The shadow of history hung over Japan in the late summer as Abe’s statement was debated, the seventieth anniversary of the war’s end passed on August 15, and Xi Jinping commemorated the same anniversary on September 3. Various bilateral relations were put in historical context, as was the march to collective self-defense laws that preoccupied the Japanese public through much of September. There was no finality to these developments. Unlike the fiftieth or sixtieth anniversary statements by Japan’s prime ministers, whose contents brought to a climax debates about what would be said and what responses would result, historical memories lingered in discussions about national security, diplomatic conditionality, and the public’s consciousness.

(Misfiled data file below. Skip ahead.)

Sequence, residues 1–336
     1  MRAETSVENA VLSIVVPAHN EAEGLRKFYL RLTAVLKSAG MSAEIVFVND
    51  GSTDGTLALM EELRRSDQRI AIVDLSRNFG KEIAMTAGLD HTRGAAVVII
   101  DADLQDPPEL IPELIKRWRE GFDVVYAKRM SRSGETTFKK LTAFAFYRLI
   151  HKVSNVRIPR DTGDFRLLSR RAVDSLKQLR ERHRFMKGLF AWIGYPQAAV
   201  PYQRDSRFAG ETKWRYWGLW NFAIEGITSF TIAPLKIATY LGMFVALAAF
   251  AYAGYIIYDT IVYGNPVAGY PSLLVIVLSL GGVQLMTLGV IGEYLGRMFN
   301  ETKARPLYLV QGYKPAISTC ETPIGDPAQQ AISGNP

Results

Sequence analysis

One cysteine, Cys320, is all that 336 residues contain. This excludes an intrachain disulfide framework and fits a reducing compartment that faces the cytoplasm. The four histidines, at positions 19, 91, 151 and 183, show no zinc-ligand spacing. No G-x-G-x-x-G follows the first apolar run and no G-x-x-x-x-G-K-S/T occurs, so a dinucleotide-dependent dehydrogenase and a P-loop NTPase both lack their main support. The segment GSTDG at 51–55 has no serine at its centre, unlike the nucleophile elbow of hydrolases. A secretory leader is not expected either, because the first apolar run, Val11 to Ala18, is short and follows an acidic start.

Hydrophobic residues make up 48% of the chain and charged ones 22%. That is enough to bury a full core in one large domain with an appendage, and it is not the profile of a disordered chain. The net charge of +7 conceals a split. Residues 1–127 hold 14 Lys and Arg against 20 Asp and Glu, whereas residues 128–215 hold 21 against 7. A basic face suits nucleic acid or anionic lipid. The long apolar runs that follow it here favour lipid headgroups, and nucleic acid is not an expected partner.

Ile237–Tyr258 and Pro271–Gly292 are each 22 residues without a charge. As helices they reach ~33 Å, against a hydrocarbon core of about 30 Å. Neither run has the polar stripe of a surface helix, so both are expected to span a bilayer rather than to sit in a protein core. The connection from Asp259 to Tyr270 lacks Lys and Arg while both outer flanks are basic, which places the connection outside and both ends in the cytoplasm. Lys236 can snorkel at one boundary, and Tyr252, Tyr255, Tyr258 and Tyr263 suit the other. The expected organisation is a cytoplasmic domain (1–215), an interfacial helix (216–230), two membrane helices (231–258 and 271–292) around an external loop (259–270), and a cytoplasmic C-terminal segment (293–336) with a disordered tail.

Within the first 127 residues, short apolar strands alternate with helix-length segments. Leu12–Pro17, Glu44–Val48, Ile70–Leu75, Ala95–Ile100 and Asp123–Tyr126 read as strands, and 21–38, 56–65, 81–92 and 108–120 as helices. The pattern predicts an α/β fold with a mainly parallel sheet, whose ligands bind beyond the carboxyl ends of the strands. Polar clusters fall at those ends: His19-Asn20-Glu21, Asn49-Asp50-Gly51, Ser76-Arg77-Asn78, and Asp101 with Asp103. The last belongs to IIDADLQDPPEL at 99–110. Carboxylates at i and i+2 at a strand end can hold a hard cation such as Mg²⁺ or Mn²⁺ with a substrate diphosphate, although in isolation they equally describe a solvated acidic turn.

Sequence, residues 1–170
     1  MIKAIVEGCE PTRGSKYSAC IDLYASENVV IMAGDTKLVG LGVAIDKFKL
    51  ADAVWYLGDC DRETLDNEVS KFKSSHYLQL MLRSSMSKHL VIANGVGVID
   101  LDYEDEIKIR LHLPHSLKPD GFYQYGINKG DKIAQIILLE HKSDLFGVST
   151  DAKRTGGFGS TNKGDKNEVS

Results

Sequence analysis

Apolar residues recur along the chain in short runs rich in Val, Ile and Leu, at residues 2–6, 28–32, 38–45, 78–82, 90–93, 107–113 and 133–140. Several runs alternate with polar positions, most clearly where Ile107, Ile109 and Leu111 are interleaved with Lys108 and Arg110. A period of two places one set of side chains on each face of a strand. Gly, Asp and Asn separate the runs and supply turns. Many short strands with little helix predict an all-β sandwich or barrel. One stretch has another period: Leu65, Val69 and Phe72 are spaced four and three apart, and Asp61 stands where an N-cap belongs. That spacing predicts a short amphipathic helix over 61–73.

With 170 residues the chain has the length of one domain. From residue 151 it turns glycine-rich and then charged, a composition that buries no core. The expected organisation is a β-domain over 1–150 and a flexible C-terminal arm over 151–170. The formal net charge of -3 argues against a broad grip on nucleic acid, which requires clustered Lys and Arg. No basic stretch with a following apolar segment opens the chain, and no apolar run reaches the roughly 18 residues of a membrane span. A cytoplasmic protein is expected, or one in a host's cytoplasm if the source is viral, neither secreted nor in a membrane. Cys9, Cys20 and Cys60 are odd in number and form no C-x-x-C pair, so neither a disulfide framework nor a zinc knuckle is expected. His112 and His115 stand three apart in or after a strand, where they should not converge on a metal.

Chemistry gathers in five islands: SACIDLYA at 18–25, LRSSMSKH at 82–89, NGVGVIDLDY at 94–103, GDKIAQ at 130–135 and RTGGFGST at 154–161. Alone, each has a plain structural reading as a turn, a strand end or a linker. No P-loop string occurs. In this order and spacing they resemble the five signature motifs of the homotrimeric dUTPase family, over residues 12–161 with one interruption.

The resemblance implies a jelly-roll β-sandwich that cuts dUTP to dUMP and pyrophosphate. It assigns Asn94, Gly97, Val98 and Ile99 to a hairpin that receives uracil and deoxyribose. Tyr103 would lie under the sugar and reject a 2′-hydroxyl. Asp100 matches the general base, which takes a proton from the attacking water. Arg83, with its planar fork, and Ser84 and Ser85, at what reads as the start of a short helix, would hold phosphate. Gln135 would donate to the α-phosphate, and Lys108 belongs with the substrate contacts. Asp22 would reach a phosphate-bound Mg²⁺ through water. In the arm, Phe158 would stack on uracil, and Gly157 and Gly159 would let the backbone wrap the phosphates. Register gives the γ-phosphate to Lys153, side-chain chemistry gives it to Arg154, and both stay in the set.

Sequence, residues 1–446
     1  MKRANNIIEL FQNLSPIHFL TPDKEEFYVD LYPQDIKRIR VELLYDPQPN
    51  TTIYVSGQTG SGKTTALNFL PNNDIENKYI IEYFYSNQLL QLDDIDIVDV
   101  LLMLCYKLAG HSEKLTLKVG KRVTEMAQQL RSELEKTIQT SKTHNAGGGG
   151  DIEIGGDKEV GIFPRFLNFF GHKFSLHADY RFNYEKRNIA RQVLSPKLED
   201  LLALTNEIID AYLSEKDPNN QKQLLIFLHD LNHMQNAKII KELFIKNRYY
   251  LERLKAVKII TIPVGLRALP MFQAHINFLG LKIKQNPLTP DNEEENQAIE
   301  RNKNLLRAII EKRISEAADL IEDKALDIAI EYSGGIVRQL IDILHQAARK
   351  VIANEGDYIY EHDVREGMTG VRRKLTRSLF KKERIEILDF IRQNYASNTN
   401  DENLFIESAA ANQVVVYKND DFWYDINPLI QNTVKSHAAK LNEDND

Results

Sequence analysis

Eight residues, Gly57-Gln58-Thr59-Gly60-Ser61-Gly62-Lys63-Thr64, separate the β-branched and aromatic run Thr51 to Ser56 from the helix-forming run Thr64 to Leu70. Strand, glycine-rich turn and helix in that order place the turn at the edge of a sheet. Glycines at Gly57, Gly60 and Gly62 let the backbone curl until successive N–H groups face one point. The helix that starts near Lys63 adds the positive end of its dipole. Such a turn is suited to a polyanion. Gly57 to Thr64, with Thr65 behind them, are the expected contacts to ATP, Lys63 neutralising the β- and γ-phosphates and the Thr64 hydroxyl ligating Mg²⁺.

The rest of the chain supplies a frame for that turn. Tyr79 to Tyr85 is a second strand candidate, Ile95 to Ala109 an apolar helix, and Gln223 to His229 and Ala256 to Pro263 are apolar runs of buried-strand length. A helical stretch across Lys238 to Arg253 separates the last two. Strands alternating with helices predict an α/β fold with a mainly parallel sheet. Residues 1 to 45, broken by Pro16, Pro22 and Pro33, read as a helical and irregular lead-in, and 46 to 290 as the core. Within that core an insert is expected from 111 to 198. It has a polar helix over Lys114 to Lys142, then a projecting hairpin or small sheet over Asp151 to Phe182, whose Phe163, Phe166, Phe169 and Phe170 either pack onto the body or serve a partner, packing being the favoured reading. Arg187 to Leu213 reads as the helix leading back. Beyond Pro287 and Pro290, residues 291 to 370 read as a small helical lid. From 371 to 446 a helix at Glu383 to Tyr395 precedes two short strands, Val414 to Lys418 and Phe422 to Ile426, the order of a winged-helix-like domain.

On August 16, Asahi Shimbun asked when people think Japan’s “postwar” ended. In contrast to a quarter of respondents (excluding those who dismissed the concept) who said it has already ended and another eighth who regard 2015 as the year it is ending, over 60 percent insisted that it is continuing. Readers of this newspaper at least are reluctant not only to see the end of the Cold War as a turning point but also to accept that Japan is changing course in relations with its neighbors or rethinking its Constitution. That same day the paper found a basis for hope in the avoidance by China of strong language in response to Abe’s statement as it looked to improve ties, and in South Korea’s clear concern for improving relations as Park prepares for her October visit to Washington. Reporting also on media criticisms, including in the West, of the statement, Asahi had it both ways: the statement was disappointing, but there is an improving atmosphere for relations with Japan’s Asian neighbors.